Buddhist Terms: T - T

Takuhatsu: (Japanese) To show the bowl, the walk taken by monks or nuns through towns near the temple to accept gifts of money or rice.

Tanha: (Pali) Lit. ‘thirst’: ‘Craving’ is the chief root of suffering, and of the ever continuing cycle of rebirths.

Tantra: (Sanskrit) Any text from a group of later mystical writings.

Tantrayana: Also called Vajrayana. A school of esoteric Tibetan Buddhism. It emphasizes not only meditation but also the use of symbolic rites, gestures, postures, breathing, incantation, and other secret means.

Tariki: (Japanese) The use of ‘Other-Power’ for salvation as distinct from Self-Power, Jiriki.

Tathagata: (Pali/Skt.) Literally, “one who has become authentic (tatha-agata),” an epithet used in ancient India for a person who has attained the highest religious goal. In Buddhism, it usually denotes the Buddha, although occasionally it also denotes any of his Arahant disciples.

Tathata: (Sanskrit) ‘Thusness’ or ‘Suchness’, used for the ultimate and unconditioned nature of things.

Teisho: (Japanese) To present the shout; the roshi’s Dharma talk.

Ten Great Disciples of Skakyamuni Buddha:

  • Mahakasyapa in Sanskrit, Mahakassapa in Pali – first in ascetism.
  • Ananda – first in having heard the words of Buddha.
  • Sariputra in Sanskrit, Sariputta in Pali – first in wisdom.
  • Subhuti first in expressing emptiness.
  • Purna first in explaining good law.
  • Maudgalyayana in Sanskrit, Moggallana in Pali – first in supernatural power.
  • Katyayana first in preaching.
  • Aniruddha in Sanskrit, Anuruddha in Pali – first in the sharpness of his divine eyes.
  • Upali first in taking precepts.
  • Rahula first in esoteric practices and in desire for instruction in the law.

Ten Oxherding Pictures: Traditional images that depict the stages of Zen practice.

Ten Stages of the Bodhisattva: These are the ten stages of development of Bodhisattva:

  • Pramudita (joy) – joy at having overcome the difficulties and sufferings, now entering on the path to Buddhahood;
  • Vimala (purity) – freedom from all possible defilement;
  • Prabhakari (enlightenment) – stage of further enlightenment;
  • Arcismati (widsom) – stage of glowing wisdom;
  • Sudurjaya (no difficulty) – stage of mastering the utmost difficulties;
  • Abhimukhi (open way) – the open way of wisdom above definitions of impurity and purity;
  • Duramgama (proceeding afar) – getting above ideas of self in order to save others;
  • Acala (unperturbed) – attainment of being unperturbed;
  • Sadhumati (discriminatory wisdom) – the finest discriminatory wisdom, knowing where and how to save, and possessing the Ten Powers;
  • Dharma megha (law cloud) – attainment of the fertilizing powers of law cloud.

Theravada: (Pali) The “Teachings of the Elders” – the only one of the early schools of Buddhism to have survived into the present; currently the dominant form of Buddhism in Thailand, Sri Lanka, and Burma.

Therigatha: One of the books of the Pali Tipitaka meaning ” The Verses of the Nuns” and the earliest corpus of poetry by a woman from ancient India.

The Three Jewels: Or the Triple Gem, i.e. the Buddha, the Dharma, and the Sangha, which are the three essential components of Buddhism. They are the objects of veneration. Buddhists take refuge in them by pronouncing the threefold refuge formula, thus acknowledging themselves to be Buddhists.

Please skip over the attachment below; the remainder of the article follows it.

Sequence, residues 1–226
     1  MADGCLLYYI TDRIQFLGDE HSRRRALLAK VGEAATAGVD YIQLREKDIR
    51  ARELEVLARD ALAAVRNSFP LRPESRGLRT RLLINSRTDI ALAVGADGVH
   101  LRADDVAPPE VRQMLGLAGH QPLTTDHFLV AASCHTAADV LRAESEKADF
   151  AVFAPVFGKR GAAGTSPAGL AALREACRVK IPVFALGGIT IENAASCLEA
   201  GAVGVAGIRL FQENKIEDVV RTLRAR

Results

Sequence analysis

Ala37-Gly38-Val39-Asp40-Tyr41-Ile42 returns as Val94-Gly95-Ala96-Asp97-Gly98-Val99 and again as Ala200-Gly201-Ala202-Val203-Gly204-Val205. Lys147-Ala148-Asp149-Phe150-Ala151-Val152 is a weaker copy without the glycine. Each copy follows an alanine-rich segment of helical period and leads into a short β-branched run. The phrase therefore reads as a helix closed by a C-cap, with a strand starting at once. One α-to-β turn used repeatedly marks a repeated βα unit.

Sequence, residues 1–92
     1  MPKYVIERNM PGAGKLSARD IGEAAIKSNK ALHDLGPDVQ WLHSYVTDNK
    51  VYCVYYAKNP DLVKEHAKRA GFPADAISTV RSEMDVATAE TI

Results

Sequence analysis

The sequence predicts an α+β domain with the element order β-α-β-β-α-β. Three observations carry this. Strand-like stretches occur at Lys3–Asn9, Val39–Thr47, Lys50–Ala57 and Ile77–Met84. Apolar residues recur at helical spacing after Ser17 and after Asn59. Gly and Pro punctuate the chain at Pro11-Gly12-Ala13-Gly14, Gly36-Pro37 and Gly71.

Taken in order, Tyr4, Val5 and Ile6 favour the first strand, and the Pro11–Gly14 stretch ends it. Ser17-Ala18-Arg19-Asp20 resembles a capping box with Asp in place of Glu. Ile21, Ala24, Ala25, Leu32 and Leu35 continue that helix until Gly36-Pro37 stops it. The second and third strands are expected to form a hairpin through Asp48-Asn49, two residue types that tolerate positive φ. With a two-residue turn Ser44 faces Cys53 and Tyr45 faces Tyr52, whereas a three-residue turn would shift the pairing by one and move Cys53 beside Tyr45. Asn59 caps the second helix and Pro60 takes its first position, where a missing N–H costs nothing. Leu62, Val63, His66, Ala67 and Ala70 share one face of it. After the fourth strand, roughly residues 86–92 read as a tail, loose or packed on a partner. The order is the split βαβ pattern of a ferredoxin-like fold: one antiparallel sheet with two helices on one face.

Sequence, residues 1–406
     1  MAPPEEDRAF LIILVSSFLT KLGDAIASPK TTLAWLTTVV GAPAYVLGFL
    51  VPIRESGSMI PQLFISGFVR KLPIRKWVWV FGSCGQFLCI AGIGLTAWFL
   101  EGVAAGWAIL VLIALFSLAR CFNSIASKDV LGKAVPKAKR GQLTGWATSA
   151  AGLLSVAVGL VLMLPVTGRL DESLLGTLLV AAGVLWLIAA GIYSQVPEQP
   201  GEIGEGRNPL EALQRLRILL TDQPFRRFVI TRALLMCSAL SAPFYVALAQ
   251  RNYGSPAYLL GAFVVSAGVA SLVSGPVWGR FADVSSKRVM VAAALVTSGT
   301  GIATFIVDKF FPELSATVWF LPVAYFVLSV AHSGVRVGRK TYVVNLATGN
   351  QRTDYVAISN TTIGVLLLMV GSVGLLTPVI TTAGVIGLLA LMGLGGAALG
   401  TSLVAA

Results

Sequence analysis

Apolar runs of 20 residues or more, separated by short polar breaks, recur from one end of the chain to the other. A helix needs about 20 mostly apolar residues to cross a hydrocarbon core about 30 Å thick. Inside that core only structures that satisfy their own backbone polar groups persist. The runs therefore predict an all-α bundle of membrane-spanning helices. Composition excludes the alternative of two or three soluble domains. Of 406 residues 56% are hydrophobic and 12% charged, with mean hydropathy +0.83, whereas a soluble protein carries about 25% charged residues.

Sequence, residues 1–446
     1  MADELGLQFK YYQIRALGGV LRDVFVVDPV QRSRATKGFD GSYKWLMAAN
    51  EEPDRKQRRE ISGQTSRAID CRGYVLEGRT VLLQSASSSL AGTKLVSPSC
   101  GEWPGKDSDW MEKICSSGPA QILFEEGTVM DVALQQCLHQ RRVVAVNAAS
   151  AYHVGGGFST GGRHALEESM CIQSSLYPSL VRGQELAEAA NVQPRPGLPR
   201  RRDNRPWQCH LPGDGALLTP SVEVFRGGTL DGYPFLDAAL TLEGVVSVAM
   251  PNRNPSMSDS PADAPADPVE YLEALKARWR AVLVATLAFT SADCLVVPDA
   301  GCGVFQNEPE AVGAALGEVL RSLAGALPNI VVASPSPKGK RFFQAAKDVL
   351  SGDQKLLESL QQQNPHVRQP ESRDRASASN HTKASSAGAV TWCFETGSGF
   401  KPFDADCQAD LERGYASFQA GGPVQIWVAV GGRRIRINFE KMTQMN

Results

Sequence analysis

T’ien t’ai: (Japanese: Tendai ) One of the schools of Chinese Buddhism.

Ti-ratana: (Pali) ‘Three Jewels’ or Three Gems, which by all Buddhist are revered as the most venerable things, they are: the Buddha, the Dharma and the Sangha.

Ti-sarana: ‘Three-fold Refuge’, in which every faithful adherent of the Buddha but his/her trust, consisting in the Buddha, Dharma and the Sangha.

Tokudo: (Japanese) Ordination as a trainee for the priesthood.

Tope: Buddhist shrine, typically dome-shaped.

Transmission of the Lamp: A record of the lives and sayings of Zen masters from the earliest days to the tenth century, compiled in 1004 by Tao-yuan.

Trikaya: (Sanskrit) The three ‘bodies’, kaya, or vehicles of manifestation of the Buddha; Dharma-kaya, Sambhoga-kaya and Nirmana-kaya.

Tripitaka: Tripitaka in Sanskrit, Tipitaka in Pali. The three parts of the Pali canon are: Sutra-Pitika (Sanskrit) or Sutta-Pitaka (Pali), or the Sutra Basket, which are the discourses attributed to Shakyamuni Buddha. Vinaya-Pitika (both Sanskrit and Pali), or the Ordinance Basket – containing the rules of monastic life. Abhidharma-Pitika (Sanskrit) or Abhidhamma-Pitaka (Pali), or Shastras, or the Treatise Basket – containing the doctrinal commentaries, philosophical and technical works, such as discourses, discussions, or treatises on the doctrines, etc.

Trishna: (Sanskrit) Thirst for sentient existence; separative desire.

Tsong Khapa, Lama: (1357-1417) Founder of the Geluk tradition of Tibetan Buddhism, and revitalizer of many sutra and tantra lineages and the monastic tradition in Tibet.

Tusita Heaven: The fourth devaloka in the Realm of Desire. Its inner department is the Pure Land of Maitreya who like Shakyamuni and all Buddhas is reborn there before descending to earth as the next Buddha in our world.

Twelve Bases: The Six Internal Bases and the Six External Bases are together called the Twelve Bases. Base implies the meaning of germinating and nourishing. All mental activities are germinated and nourished from these Twelve Bases.